I’d been curious for a little while about one of the products I’d spotted in the farm shop I like to use when I visit Suffolk and then a couple of weeks back two things conspired to make me get on with trying it out.
First I was reading Hugh F-W’s weekly slot in The Guardian (‘Trickle treat’ on 7 March) and then I went out for dinner at ‘The Lighthouse’ in Aldeburgh and when they brought the bread with oil and balsamic they explained that the oil was a local product made from rapeseed (in fact just theone I’d been eyeing up).
- Oh that terrible stuff that blights the English countryside in May covering all the fields in a yellow haze of flowers.
- Grrrr that’s the stuff that gives me major hayfever as soon as I step anywhere outside of a town centre and nearer to the countryside.
- Isn’t that grown for them to feed to cattle or something like that?
- Isn’t that just horrible industrial extracted oil used in ready meals and other stuff that’s bad for us?
- Don’t they use that in bio-diesel?
But maybe we haven’t got all this quite right.
Firstly not all rapeseed flowers are yellow – you sometimes see purple ones, but they are mainly yellow and they are a bit of a blot on the landscape when in flower. We should however remember that the English landscape (as any other) is a changing thing, after all it used to be mostly woodland before it was rolling hills with wheat waving in the gentle breeze. But we are also right to there be concerned that a crop takes over an area and we get a monoculture.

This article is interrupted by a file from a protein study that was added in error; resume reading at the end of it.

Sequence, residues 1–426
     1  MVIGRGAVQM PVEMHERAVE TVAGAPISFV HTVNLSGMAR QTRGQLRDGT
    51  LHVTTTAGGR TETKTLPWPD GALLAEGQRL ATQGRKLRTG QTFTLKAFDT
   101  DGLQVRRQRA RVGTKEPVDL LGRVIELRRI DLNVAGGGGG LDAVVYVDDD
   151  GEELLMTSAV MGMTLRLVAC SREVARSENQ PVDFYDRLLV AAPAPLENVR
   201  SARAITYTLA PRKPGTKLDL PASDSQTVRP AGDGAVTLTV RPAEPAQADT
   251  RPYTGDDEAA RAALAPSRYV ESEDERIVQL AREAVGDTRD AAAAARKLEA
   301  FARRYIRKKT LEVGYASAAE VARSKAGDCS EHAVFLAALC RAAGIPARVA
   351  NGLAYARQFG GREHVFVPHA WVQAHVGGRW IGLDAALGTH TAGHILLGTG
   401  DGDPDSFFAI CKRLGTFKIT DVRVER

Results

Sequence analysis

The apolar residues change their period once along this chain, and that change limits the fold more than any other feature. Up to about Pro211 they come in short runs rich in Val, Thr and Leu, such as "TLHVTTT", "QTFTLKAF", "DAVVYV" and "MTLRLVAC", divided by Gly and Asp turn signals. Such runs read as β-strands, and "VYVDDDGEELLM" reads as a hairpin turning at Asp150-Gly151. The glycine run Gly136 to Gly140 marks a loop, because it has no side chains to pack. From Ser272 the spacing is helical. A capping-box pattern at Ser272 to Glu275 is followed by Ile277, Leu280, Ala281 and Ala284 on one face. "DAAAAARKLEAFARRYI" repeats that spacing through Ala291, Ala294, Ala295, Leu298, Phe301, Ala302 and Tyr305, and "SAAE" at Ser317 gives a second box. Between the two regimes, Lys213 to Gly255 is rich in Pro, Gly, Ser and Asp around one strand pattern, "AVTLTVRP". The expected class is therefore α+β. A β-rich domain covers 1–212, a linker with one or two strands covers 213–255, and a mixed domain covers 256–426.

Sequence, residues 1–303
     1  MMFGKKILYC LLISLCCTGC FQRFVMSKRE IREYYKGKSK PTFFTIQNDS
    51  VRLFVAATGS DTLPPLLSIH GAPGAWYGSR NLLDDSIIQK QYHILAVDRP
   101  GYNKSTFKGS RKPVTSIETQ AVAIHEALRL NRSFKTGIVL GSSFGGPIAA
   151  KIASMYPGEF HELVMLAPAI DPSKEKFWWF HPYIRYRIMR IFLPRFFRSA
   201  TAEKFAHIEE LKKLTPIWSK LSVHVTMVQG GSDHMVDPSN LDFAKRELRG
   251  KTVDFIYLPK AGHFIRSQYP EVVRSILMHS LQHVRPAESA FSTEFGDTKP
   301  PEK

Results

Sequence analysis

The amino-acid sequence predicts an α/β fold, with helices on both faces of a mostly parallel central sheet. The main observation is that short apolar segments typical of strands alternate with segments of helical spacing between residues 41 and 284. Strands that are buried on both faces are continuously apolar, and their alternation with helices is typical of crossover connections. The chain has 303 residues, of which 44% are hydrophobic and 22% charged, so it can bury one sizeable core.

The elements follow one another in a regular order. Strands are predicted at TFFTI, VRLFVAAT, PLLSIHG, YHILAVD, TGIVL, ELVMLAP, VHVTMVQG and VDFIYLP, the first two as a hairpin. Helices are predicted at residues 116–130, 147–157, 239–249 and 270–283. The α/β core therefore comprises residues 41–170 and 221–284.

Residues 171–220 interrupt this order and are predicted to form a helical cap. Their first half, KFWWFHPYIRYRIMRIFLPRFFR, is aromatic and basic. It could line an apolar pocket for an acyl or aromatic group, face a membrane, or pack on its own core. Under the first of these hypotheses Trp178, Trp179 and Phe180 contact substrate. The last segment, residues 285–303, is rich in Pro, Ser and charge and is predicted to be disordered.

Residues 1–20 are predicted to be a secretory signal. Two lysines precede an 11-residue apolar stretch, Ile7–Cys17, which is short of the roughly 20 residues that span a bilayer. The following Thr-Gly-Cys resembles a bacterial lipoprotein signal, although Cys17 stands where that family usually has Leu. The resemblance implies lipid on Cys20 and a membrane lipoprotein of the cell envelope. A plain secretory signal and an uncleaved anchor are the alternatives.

I’m not a doctor so the link to hayfever and asthma is not my specialist subject. A quick search via Google (see for example Wikipedia and also The Independent as examples) however suggests that the link is not definitive, as rapeseed does not have wind born pollen. I imagine there’s plenty out there would testify that it triggers some kind of reaction for them.
Yes they do use it in cattle feed, yes some of it is extracted using industrial means but some is now produced like virgin pressings of olive oil; and yes they do use it in biodiesel.
I decided to do a comparative tasting of three
Hemp: Good Oil Original cold pressed
Olive: Waitrose Organic 100% Italian extra virgin
Rapeseed: Hill Farm cold pressed extra virgin
Hemp: this is very unusual and a bit of an acquired taste – this actual tasting is the third time I’ve tried it since buying the bottle and it is growing on me slowly but I’m not quite convinced just yet. It has a strong flavour, which comes across as earthy and almost woody. The finish is quite long. It was better on the bread that it was ‘pure’ and contrasted the sourdough quite well. It makes a good change from olive but I doubt some people will ever be convinced that it’s a good substitute.
Olive: this was fairly fruity with a slight tang and peppery endnote. Its not a very strong oil but its nicely mild with the classic Italian notes. It was good with and without the bread but lets remember that this is the oil I have been using for a couple of years now as my basic olive oil so I’m used to its flavours.
Rapeseed: this has a mild and mellow taste. There’s a slightly nutty fruity seeds flavour that I couldn’t quite identify (I’m not sure its grassy like HFW says but then I was tasting a different brand). It was good on its own, but stood up to the bread test less well. The loaf though has a very distinctive sourdough flavour so this oil might work better with a milder flavoured loaf – it was certainly good when we had it at ‘The Lighthouse’ with balsamic. It’s also a good cooking oil – less distinctive than olive oil so better in some dishes and also with a nice high flame point making it better for sautéing.
Overall? I’ll stick with olive for a lot of things but the rapeseed is a definite permanent addition to the kitchen and I’ll keep trying the hemp but I’m not sure I’m ever going to be a big convert. Hugh FW suggests it more sophisticated than the rapeseed but actually I just think it’s stronger and more unusual but unusual does not always tally with sophistication and in this case I’d say it’s quite hard to get to know and love.